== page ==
Facts & Figures
Bone health vitamin and mineral needs change throughout life. Needs are highest throughout pregnancy, for both maternal and fetal health, and later in life when bone degeneration occurs.
Sports people need more calcium
Training raises the body’s requirements for bone density and flexibility, to absorb regular impact. Calcium supplements are essential to bone growth and remodelling during exercise.
Complications from Vitamin deficiencies
If there are vitamin deficiencies, several bone diseases can develop.
• Osteoporosis / Osteopenia
• Osteomalacia (bone softening)
• Increased risk of fracture
Other issues with various causes which are unrelated to nutrient deficiencies include bone spurs, arthritis, Osteopetroses and Proteus syndrome.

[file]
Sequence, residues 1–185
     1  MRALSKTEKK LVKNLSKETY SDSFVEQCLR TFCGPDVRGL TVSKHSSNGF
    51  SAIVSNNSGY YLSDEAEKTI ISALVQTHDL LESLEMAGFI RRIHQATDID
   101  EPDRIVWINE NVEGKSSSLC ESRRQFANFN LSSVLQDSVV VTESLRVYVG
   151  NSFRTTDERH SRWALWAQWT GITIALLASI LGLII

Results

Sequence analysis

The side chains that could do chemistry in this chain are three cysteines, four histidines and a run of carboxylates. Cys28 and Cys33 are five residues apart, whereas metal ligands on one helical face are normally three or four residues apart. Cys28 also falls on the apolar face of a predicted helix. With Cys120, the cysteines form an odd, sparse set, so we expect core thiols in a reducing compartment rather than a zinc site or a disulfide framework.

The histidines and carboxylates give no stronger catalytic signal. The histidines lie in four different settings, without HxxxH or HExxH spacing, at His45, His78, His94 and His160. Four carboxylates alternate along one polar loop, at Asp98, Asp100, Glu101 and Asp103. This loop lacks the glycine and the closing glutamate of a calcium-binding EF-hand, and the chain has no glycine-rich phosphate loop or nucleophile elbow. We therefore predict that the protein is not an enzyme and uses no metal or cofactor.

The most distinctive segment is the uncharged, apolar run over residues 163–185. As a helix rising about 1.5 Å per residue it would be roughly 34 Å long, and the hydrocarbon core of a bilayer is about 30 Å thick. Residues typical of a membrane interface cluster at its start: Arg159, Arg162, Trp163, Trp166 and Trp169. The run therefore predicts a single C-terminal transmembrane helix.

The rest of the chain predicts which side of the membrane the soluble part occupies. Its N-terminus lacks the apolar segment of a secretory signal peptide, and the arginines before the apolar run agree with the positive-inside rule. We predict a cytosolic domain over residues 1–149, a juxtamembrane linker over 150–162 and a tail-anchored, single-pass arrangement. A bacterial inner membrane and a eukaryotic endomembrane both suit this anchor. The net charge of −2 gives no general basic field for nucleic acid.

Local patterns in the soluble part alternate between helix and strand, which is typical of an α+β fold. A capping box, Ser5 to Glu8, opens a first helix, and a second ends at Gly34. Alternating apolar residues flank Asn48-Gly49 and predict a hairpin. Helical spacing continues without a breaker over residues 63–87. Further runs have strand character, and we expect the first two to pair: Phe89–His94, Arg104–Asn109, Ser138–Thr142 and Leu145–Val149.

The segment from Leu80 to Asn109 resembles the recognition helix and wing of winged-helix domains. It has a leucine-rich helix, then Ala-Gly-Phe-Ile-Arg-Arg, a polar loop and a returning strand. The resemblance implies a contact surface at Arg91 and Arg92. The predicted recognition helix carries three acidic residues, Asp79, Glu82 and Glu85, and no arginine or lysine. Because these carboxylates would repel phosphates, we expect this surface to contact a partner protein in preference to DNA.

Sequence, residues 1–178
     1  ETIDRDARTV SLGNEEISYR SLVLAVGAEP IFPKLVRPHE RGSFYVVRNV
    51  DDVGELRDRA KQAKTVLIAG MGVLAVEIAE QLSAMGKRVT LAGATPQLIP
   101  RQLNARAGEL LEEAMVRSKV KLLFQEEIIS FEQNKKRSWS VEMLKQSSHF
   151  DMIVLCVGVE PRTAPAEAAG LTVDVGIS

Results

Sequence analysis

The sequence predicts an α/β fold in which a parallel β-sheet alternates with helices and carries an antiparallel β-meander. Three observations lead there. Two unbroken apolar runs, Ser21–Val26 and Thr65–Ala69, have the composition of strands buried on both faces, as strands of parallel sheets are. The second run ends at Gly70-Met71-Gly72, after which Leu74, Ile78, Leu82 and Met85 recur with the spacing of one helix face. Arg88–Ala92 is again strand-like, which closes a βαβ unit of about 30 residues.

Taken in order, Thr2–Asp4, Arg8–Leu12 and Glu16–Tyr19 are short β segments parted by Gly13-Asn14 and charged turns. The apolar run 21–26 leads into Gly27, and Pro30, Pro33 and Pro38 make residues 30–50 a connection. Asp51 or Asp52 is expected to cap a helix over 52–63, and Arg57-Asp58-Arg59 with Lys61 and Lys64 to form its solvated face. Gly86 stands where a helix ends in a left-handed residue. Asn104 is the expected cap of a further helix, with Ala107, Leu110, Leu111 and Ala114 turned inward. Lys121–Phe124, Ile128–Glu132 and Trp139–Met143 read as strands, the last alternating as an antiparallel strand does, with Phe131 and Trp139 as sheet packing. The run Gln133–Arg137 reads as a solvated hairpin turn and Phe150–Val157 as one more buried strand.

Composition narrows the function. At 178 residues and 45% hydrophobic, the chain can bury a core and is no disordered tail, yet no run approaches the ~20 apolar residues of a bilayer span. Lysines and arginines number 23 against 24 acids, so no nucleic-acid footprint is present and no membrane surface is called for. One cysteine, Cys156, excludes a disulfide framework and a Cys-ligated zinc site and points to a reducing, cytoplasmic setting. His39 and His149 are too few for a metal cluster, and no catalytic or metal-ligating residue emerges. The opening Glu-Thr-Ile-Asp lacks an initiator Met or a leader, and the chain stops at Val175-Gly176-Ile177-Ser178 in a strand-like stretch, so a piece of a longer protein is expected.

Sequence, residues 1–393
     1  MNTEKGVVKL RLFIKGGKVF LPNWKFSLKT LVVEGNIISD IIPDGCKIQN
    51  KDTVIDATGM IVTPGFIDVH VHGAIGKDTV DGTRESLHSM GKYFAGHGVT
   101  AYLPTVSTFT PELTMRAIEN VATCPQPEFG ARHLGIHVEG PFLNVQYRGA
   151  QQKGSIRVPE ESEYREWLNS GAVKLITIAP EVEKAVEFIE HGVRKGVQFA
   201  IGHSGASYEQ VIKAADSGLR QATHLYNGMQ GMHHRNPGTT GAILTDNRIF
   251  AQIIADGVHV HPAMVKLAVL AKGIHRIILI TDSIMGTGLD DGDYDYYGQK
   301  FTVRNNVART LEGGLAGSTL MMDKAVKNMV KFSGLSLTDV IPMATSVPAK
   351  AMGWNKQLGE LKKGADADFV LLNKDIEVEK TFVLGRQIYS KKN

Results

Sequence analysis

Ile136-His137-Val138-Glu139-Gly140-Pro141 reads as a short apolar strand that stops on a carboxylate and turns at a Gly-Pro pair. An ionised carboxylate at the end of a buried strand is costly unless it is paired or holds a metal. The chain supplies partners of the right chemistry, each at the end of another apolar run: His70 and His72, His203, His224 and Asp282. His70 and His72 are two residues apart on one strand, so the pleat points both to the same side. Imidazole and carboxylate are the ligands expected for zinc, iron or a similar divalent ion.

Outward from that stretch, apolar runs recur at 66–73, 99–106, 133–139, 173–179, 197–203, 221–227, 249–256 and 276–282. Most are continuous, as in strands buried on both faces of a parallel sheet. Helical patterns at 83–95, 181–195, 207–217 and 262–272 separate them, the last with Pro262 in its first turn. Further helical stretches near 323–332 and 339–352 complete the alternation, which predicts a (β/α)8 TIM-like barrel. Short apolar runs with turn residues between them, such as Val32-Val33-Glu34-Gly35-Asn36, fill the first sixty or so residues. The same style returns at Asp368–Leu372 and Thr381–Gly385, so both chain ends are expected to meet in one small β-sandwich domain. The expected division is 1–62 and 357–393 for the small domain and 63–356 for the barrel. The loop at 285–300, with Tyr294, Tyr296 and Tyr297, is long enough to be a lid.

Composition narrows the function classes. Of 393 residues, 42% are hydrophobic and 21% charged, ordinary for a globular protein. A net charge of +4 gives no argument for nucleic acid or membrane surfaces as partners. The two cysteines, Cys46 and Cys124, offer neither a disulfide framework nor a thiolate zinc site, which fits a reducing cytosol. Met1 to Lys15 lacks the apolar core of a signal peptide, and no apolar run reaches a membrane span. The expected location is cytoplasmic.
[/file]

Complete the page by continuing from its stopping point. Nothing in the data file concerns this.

Hot tip for the over 50’s
Vitamin D is required for calcium absorption. The World Health Organisation’s recommended daily intakes for vitamin D double from 5mcg/day to 10mcg/day after the age of 50.
Did you know?
Calcium demands for normal fetal growth are 30g by the end of gestation.
Calcium transfer between mother and fetus increases from 50mg/day in Trimester 2 to 250mg/day in Trimester 3.
If there is not enough calcium, there are risks of:
Bone Mineral Density loss (Mother), reduced bone development (Fetus) and low calcium in breast milk = low intake for baby during breastfeeding.
Source: Heringhausen et al (2015) Maternal Calcium Intake and MetabolismDuring Pregnancy and Lactation